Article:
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c .NET: WebBrowser, WebClient, WebRequest, HTTPWebRequest... ARGH!?

@Ash lol about the bold, but yes, I am 12 :). Thank you!

HttpWebRequest is a concrete class that allows you to request in code any sort of file over HTTP. You usually receive it as a stream of bytes. What you do with it after that is up to your application.

HttpWebResponse allows you to process the response from a web server that was previously requested using HttpWebRequest.

If you need more fine grained control over web requests and responses, HttpWebRequest / HttpWebResponse are probably the way to go. Otherwise WebClient is generally simpler and will do the job.

Needs bold... :) jk, but thanks!

WebBrowser is actually in the System.Windows.Forms namespace and is a visual control that you can add to a form. It is primarily a wrapper around the Internet Explorer browser (MSHTML). It allows you to easily display and interact programmatically with a web page. You call the Navigate method passing a web URL, wait for it to complete downloading and display and then interact with the page using the object model it provides.

WebClient I have always seen as a nice helper class that provides simpler ways to, for example, download or upload a file from a web url. (eg DownloadFile and DownloadString methods). I have heard that it actually uses HttpWebRequest / HttpWebResponse behind the scenes for certain methods.

WebRequest and WebResponse are the abstract base classes that the HttpWebRequest and HttpWebResponse inherit from. You can't create these directly. Other classes that inherit from these include Ftp and File classes.

You're actually right, done. Are you really 12? You write more clearly than most people 3 times your age! It's great to see younger people on StackOverflow. If you want to be a programmer later on you'll learn a huge amount of good information here.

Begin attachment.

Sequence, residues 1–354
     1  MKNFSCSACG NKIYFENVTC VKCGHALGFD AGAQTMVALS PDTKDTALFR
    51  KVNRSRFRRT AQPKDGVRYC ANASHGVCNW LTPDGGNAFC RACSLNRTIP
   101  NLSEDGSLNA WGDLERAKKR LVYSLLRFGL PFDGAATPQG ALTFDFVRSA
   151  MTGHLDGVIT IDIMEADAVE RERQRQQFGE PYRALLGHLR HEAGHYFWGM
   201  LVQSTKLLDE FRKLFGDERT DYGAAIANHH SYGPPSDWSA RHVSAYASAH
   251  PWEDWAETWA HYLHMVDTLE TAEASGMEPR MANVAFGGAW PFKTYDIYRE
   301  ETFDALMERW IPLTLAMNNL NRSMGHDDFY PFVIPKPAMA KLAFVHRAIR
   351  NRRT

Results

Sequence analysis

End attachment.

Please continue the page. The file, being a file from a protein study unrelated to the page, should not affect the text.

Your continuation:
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c .NET: WebBrowser, WebClient, WebRequest, HTTPWebRequest... ARGH!?

string html;
using (var wc = new WebClient())
    html = wc.DownloadString("");

I don't know of any System.Net.WebBrowser, but WebClient is basically a class that lets you easily download files (including html pages) from the web into memory or even directly to file. A basic code sample looks like this:

Now, there is one other option. System.Windows.Forms.WebBrowser is a control designed to place on a form. It basically wraps the engine used in Internet Explorer to provide all the capabilities of a web browser. You need to be careful using this for general scraping: it's not portable (bad for mono), uses a lot of resources, has similar security issues as running a full browser, and has side-effects such as potentially leaking popup windows. The control is best used in a form to connect to a specific known web resource. For example, you may have a Windows Forms app for sale, and web app where you sell it for download. You might provide a WebBrowser control that shows a few pages on this web site specifically intended for view in your app that allows users to purchase in-app upgrades.

You can do a lot with WebClient, but there are some limitations. If you need to do some serious web scraping, you'll need to get lower level. That's where the HttpWebRequest/HttpWebResponse come in. You can use them to send any request a normal web browser might send, in any sequence. For example, you may need to authenticate with a web site before you can request the page you really want, and WebClient might not be able to do that. HttpWebRequest will.